THE EDUCATION OF DAUNASIA YANCEY
She’s young, black, female, gay—and ready for her mug shot. Meet the new face of Boston’s civil rights movement.
Boston magazine, 3348 words

THE END OF THE ANTHROPOCENE
What do you do when you’re 85 and still at the top of your game? If you’re famed naturalist E. O. Wilson, you discover something you’ve never had: friends.
Boston magazine, 2351 words

A YOUNG PERSON'S GUIDE TO THE ORCHESTRA
A Far Cry rocks harder than your favorite band. But can they save classical music from itself?
The Phoenix, 2969 words

VOICES CARRY
Marty hears things that aren't there. Doctors say she's schizophrenic. A new movement says she's just human.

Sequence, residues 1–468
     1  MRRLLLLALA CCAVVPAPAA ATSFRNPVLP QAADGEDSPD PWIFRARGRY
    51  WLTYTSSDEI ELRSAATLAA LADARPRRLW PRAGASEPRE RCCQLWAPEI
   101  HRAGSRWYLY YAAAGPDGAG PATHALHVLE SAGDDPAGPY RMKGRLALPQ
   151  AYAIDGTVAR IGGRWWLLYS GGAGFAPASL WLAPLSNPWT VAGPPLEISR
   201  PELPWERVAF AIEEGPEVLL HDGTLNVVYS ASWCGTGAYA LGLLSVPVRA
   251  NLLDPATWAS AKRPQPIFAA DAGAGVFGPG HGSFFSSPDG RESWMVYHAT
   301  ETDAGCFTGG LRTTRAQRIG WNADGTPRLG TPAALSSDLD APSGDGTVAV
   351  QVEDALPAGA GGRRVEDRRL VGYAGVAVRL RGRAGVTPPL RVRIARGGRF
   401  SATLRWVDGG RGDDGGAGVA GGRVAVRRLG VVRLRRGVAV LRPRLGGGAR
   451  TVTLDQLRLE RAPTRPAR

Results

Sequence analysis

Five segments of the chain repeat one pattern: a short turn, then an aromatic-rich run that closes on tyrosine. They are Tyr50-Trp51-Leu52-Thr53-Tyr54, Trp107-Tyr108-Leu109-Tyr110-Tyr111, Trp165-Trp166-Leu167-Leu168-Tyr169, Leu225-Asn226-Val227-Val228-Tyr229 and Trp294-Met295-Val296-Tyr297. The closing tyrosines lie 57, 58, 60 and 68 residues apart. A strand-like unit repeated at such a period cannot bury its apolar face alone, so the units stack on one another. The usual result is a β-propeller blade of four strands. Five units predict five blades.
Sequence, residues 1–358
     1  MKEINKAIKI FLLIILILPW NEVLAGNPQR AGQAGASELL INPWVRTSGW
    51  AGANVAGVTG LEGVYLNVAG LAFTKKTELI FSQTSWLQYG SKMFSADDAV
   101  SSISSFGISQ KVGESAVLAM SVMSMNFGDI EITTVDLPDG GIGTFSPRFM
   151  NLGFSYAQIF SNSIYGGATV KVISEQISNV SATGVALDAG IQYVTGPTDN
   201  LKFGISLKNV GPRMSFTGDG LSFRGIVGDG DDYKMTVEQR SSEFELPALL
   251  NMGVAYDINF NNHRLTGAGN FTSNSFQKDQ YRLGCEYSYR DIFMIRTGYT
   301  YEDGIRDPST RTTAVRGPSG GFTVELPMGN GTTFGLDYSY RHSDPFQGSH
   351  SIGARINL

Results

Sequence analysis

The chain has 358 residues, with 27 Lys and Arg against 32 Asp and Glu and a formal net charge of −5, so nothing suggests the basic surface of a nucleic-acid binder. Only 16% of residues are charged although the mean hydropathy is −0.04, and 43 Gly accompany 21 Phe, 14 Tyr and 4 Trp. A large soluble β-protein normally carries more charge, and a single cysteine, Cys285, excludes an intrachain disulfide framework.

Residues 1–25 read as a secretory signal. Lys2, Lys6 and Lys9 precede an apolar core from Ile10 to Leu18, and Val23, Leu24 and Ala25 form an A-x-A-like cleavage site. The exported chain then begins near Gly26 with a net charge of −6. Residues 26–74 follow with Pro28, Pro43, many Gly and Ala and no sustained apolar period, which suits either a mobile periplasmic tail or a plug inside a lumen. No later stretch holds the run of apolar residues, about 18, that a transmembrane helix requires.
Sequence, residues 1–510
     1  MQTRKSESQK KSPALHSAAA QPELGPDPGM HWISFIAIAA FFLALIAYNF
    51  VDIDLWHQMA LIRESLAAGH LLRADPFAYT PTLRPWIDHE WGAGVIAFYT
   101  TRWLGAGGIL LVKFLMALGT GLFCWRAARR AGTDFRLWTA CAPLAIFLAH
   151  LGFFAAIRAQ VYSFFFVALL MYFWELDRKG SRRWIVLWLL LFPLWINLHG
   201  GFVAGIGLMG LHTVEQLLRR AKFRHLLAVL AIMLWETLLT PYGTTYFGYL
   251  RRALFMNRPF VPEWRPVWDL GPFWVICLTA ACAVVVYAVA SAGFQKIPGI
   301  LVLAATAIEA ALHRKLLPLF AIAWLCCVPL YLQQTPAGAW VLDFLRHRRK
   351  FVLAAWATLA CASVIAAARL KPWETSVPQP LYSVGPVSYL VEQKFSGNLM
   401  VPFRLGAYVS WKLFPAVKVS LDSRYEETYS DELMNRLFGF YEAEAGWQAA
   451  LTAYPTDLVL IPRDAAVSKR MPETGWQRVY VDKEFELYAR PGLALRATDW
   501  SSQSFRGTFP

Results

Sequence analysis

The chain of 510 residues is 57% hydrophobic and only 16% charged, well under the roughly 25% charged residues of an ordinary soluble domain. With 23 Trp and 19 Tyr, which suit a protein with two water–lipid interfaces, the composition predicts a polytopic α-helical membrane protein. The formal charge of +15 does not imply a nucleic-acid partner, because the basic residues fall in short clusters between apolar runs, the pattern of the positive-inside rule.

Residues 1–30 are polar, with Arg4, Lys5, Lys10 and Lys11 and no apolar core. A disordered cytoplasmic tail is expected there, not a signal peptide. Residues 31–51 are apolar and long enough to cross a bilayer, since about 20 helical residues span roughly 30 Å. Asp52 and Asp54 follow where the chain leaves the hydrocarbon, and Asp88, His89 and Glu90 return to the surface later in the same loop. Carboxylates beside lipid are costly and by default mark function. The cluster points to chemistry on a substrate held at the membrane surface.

The Phoenix, 4815 words

TO BOLDLY GO . . . TO FRAMINGHAM
Super Megafest offers the relics of our escapist fantasies.
The Phoenix, 1128 words

OUT OF SILENCE, THE SOUNDS OF HOPE
Stroke victim Erik Ramsey is locked in a world without motion or speech. BU scientists are finding a way to hear what he's thinking.
The Boston Globe, 1371 words

HER ARGUMENT FOR AMPUTATION
Here is Bonnie Denis's right foot: small and calloused and square, the arch bent outward, toes overlapping each other like windblown trees.
The Boston Globe, 945 words

PRISON BREAK
It's not quite charm school, but for these inmates, a little beauty softens the edges of hard time.
The St. Petersburg Times, 1227 words

THE SOUL OF AN ALLIGATOR
He shows no remorse, this 80-year-old man with bright blue eyes and a nose like a boxer's after one round too many. "I'm defending the damn alligators," he says. "Simple as that."
The St. Petersburg Times, 961 words

MORE THAN WORDS CAN SAY
On March 7, 2006, in a parking lot in Dade City, a blood vessel burst in Jose Rodriguez's brain. The St. Petersburg Times, 984 words

BIG ENOUGH TO RIDE IN
You just want to hang out in your giant robot. Is that wrong? The St. Petersburg Times, 817 words